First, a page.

The Instrumentation Log window is almost always the best method for monitoring instrumentation as you debug. However, the Log window usually isn’t helpful if you are trying to log the actions leading up to a Panorama crash. Panorama crashes are rare, hopefully you’ll never need to worry about them. But if you find yourself in a situation where your code is causing Panorama to crash, the techniques described below will allow you to monitor every step of your code right up to the instant of the crash. Because these techniques use an external program to display the instrumentation log, the log will still be visible even after the crash has occurred, allowing you to examine it at your leisure and hopefully allowing you to see exactly where the crash occurs. Most likely you’ll never need this ability, but here at ProVUE we use these techniques to track down any crashes that occur while we are developing Panorama.

Real time instrumentation can be provided thru either or (when used for real-time monnitoring with, Panorama has to be launched from within instead of from the Finder, as explained below).

The downside of the techniques described on this page is that they require some special preparation to set up, and they are a bit more complicated to use. If you’re not anticipating a crash, it’s usually best to simply use the built in Instrumentation Log window.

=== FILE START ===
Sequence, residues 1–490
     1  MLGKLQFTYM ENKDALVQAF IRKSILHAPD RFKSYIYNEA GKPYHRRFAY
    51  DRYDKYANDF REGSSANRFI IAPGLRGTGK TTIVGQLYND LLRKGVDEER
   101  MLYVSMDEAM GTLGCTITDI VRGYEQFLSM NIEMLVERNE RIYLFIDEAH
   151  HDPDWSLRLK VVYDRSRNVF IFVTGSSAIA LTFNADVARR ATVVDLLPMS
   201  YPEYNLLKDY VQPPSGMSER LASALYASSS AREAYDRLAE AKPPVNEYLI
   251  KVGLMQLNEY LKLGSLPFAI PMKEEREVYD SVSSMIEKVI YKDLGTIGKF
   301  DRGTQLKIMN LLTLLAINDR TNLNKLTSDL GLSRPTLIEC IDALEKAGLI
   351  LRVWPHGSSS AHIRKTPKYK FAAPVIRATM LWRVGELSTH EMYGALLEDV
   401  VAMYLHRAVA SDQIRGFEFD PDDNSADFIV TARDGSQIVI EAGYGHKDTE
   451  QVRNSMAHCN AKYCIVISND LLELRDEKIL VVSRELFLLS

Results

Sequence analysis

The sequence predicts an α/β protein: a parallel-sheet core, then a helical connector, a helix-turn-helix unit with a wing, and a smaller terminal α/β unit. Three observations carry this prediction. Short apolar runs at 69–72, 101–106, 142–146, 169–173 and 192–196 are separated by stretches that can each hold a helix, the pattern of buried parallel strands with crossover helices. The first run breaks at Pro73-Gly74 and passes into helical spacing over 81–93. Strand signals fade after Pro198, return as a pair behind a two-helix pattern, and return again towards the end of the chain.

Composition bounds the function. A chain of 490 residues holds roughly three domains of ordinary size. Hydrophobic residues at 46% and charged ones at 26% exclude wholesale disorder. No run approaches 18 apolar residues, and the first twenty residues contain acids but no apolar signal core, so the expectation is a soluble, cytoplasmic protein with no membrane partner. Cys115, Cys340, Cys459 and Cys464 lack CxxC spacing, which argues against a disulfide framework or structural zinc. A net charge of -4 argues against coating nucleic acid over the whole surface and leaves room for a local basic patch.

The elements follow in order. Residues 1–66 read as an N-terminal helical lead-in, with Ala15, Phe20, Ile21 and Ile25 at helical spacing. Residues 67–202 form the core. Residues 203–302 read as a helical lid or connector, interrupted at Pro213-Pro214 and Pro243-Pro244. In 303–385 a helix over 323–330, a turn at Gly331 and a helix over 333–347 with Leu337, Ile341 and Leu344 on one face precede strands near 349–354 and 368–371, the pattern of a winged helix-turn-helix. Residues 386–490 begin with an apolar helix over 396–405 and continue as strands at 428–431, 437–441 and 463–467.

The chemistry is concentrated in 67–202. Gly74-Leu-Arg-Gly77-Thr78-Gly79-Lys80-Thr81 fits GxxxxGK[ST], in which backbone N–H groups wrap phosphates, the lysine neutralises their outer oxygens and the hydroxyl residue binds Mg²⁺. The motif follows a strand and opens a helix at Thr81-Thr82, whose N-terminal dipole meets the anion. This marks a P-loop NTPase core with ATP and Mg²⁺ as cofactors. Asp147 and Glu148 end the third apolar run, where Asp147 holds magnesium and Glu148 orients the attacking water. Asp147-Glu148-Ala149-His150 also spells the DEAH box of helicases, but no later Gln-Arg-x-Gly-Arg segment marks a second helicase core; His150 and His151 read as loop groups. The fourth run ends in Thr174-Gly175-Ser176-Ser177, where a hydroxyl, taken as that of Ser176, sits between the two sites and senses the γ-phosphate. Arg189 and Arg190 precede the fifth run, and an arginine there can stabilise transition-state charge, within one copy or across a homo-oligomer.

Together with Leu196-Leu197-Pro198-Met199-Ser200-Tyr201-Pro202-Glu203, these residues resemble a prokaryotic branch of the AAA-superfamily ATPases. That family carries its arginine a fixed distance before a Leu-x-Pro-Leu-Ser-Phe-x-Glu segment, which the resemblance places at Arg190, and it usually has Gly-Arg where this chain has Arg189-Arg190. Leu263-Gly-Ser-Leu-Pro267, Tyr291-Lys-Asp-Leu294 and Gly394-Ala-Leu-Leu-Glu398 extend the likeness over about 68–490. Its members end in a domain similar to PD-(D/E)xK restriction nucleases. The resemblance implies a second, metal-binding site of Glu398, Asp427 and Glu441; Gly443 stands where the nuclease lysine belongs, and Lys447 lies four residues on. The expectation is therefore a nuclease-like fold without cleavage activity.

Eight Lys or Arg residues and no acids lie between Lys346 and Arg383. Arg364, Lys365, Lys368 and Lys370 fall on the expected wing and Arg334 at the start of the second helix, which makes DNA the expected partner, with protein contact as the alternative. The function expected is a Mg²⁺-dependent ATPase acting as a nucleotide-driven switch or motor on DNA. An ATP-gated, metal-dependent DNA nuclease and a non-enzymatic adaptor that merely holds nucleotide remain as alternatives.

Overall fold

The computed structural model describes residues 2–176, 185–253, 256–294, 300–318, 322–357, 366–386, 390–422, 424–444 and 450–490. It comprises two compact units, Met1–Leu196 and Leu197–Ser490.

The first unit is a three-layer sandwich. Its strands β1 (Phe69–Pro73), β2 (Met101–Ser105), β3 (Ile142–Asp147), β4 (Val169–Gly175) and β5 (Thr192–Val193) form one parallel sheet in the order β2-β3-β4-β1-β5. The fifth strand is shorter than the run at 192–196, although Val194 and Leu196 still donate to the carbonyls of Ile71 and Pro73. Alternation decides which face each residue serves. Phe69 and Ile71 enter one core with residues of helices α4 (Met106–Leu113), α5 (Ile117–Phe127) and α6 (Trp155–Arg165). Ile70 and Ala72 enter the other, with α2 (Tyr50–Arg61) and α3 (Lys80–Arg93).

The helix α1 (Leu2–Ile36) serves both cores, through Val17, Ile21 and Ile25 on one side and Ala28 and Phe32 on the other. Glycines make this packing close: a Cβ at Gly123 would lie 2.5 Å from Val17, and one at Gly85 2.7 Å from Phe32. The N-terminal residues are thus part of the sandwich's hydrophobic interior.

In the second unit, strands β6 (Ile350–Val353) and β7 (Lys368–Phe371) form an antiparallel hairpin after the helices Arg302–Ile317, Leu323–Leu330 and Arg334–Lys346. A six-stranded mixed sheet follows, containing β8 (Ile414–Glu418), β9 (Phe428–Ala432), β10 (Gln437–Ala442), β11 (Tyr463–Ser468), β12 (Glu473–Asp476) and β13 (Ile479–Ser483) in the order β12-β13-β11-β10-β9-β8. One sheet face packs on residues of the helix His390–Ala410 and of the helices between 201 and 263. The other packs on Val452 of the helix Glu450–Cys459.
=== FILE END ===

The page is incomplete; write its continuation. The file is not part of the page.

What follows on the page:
Viewing Instrumentation with

To use for instrumentation monitoring, start by opening the Console app. This app is included with macOS: it’s located in the Utilities folder inside the Applications folder. Alternatively, you can open it from within Panorama by choosing Open Console,app from the Instrumentation menu. The Console window will look something like this:

By default, the Console window displays a continuous firehose of information. In the screenshot above you can even see that the console captured the fact that a screenshot was being taken! We need to cut down this torrent of data so that only output from Panorama X is shown. Start by typing PanoramaX into the search box and pressing Return.

This will still show too much information, because in addition to the instrumentation it will also show internal macOS messages related to Panorama. To fix, this, click on the ˇ symbol, then choose Library from the pop-up menu.

When you’re finished, the Console window should look like this.

Since you’ll probably want to use this configuration again, you should save it. To do that, click the Save button on the right, just below the tool bar.

We suggest saving the configuration using the name PanoramaX. After you press the Save button, the saved configuration will appear in bar immediately below the tool bar. Now any time you open the Console window, you just have to click this button to prepare for viewing output from Panorama. (You can also choose this option from the Action menu.)

Once the Console app is running open you’ll see the icon in the Instrumentation panel (in the Preferences window). Click the Log to Console checkbox to enable real time output (you can also select this option in the Instrumentation menu).

Now you’re all set, when you run code that contains instrumentation, the log output will immediately appear in the Console window.

Note: If you open the Console app after opening the Instrumentation panel, Panorama will automatically detect it and the icon will appear. In other words, you can open the Console app before or after opening the Instrumentation panel.

Viewing Instrumentation with